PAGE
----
The effect is that now, I feel like someone who has dropped into society from another planet, and have no idea where to begin with modern pop music and culture. I actually learned a lot about understanding, listening to and interpreting jazz and alternative music from a friend when I first got to college, but that was a long time ago, and I still did not develop my taste much. Later, another friend introduced me to a band (which I think is just one guy actually) called The Magnetic Fields which I liked very much because it had interesting poetry, chord progressions and instrumentation. I don't think it is very mainstream. I suppose I like Queen, because they are very creative.

But they are so different. One can like lots of very different sounds, but, I don't know why it has taken me so long to realize this, but I have decided what kind of music I like: interesting music. I hate boring music. And honestly, the vast majority of all music I hear on the radio, including, and even especially the classical station, at any given moment totally bores me to tears. The problem must be with the people choosing the music, because, well, I don't know so much about other styles, but I know the classical station has so many options besides that baroque horn concerto they keep playing over and over and over. And over. And then the announcer always gushes over it, and it's conductor and it's soloist, and when they do that I'm always thinking, What do you know about it?

Not that all radio announcers are non-musicians, and not that non-musicians (I always want to say "non-music folk" like on Harry Potter when Hagrid explains muggles as "non-magic folk") cannot have opinions on music. On the contrary, many non-music folk I've talked to have super interesting observations. They somehow notice or express things that I've never even thought of! But I dislike it very much when someone takes an entire genre (like the so-called "classical") and pronounces it "relaxing" or "educational" or what have you. There is so much more to music than that, even the boring stuff! (Well, some of it, but I think most boring things can't be also educational. At least not very.) I cannot imagine how people generalize like that. They confuse boring and relaxing, I think. In our fast-paced world, that probably isn't hard to do. And those public radio announcers don't mean any harm. But not one of them would ever dream of generalizing paintings that way, or some other art. Oh, granted, of course they call the fast things "exciting" and all that, but still. In general, it's like it's supposed to be all the same or something. I could never stand just to have one radio station playing in the background all the time, and I have heard so many times lately on adds for the classical station: "I wake up to WRR, I go to sleep to WRR. I could not imagine life without WRR!" and I'm sorry but that just sort of disgusts me.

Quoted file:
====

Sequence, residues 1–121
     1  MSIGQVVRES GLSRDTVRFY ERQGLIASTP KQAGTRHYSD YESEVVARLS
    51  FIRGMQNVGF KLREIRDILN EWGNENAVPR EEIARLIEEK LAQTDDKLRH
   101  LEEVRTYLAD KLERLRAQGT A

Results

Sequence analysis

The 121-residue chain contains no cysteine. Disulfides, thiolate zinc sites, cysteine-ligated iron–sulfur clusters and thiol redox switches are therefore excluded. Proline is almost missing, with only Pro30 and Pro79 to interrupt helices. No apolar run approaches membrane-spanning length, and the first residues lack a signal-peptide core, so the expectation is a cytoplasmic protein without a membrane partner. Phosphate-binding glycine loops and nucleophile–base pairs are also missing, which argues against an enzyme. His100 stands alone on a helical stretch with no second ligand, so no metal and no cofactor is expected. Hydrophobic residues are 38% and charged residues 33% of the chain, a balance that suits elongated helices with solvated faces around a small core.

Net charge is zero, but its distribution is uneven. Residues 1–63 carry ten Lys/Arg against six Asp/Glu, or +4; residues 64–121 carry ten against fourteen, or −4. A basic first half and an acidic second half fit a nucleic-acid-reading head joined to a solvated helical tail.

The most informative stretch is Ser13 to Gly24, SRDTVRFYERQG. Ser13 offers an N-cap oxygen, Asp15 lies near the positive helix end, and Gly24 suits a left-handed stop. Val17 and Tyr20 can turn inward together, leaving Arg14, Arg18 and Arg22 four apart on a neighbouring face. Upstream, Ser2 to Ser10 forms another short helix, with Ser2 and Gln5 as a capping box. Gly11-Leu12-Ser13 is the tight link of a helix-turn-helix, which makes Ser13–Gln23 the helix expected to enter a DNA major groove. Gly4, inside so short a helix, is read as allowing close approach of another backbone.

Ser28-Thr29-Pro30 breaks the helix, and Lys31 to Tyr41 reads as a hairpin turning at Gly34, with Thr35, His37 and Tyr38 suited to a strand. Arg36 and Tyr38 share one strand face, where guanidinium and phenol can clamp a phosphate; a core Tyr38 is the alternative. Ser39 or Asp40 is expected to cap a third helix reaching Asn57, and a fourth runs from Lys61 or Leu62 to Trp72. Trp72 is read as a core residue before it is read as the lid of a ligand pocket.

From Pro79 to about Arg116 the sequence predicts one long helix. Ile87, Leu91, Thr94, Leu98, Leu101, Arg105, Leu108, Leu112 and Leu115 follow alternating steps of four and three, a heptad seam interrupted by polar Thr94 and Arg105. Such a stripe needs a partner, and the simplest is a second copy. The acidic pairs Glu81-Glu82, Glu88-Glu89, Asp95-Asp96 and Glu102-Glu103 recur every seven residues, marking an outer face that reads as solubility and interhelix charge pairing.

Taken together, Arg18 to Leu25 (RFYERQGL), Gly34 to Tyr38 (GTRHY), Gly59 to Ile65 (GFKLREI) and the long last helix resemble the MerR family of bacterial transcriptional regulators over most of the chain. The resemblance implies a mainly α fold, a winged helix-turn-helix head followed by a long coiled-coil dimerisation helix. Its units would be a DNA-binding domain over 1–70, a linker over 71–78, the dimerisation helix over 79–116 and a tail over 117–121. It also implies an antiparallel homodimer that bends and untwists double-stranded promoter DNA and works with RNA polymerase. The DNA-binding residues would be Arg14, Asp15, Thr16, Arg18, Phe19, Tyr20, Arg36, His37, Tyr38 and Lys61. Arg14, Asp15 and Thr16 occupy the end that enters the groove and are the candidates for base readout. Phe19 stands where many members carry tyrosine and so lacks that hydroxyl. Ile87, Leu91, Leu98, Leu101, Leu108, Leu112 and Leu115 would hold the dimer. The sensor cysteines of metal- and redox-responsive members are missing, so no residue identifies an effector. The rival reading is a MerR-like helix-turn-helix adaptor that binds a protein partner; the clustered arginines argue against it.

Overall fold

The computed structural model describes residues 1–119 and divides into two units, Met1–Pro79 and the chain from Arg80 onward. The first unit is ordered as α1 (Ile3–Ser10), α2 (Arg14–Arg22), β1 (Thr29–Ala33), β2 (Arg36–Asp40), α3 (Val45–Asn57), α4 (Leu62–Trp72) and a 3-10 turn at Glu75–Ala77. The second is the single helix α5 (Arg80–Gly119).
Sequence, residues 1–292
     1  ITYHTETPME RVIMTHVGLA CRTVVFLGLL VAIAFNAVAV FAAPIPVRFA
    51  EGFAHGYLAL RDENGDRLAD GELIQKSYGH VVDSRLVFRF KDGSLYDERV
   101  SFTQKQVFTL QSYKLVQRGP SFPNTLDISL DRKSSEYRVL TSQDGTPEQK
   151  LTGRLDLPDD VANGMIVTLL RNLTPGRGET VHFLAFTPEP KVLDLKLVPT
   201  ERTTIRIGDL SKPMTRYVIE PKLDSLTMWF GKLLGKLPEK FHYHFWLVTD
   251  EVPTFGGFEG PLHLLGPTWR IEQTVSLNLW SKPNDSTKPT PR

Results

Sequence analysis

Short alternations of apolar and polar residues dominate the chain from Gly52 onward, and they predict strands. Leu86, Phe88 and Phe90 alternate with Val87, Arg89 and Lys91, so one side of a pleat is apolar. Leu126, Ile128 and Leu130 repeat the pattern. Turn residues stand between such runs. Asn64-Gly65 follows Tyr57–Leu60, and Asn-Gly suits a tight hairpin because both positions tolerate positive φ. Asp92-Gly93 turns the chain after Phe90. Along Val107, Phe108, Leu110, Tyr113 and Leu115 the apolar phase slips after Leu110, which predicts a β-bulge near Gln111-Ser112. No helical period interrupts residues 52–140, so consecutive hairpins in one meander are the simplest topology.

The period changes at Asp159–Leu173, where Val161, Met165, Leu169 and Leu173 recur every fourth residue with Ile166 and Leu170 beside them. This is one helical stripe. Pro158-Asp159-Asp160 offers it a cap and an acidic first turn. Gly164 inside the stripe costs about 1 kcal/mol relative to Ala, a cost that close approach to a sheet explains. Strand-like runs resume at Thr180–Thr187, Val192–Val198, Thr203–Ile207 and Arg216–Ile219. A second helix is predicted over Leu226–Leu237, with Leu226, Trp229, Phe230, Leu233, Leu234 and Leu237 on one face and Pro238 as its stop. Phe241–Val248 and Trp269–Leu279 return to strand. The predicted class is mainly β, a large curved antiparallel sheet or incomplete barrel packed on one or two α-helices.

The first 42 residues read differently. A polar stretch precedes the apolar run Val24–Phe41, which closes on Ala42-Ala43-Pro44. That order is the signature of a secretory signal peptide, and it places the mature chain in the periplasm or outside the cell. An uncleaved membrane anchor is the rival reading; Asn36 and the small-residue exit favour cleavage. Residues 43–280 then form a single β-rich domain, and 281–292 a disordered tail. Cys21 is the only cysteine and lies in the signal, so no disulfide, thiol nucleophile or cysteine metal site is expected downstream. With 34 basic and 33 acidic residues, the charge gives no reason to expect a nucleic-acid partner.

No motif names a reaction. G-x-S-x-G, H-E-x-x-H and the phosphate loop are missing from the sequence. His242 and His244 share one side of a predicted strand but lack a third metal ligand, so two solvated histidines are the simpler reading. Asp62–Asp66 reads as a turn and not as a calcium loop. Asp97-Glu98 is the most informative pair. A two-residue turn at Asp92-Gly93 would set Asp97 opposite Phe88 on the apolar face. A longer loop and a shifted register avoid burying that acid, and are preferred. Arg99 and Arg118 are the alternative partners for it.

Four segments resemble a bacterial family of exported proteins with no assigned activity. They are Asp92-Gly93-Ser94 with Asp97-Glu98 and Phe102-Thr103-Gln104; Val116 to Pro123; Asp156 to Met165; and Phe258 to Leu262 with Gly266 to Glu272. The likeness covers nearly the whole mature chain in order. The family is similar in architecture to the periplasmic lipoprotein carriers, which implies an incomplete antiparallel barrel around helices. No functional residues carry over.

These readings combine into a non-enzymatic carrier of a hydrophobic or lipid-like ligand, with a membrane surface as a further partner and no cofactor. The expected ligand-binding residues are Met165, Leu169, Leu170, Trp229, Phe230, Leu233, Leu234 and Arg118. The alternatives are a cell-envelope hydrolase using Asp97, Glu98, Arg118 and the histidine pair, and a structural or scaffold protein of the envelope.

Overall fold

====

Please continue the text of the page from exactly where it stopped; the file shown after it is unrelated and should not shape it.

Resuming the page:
Of course, I think I am not-so-subconsciously taking this opportunity to complain about the Dallas radio stations, and I am probably generalizing way too much about them, just like I accuse them of generalizing about music, etc. But it has to be said. However snobbish, critical, or overly picky this may sound, I had to say it. For my sanity because I've been thinking it so long, and for me. To see what comes out when I try to answer the trite question "What kind of music do you like?" Not to bash that question either. Some people apparently do only listen to one kind. (given the lovely testimonials on the "classical" station website.)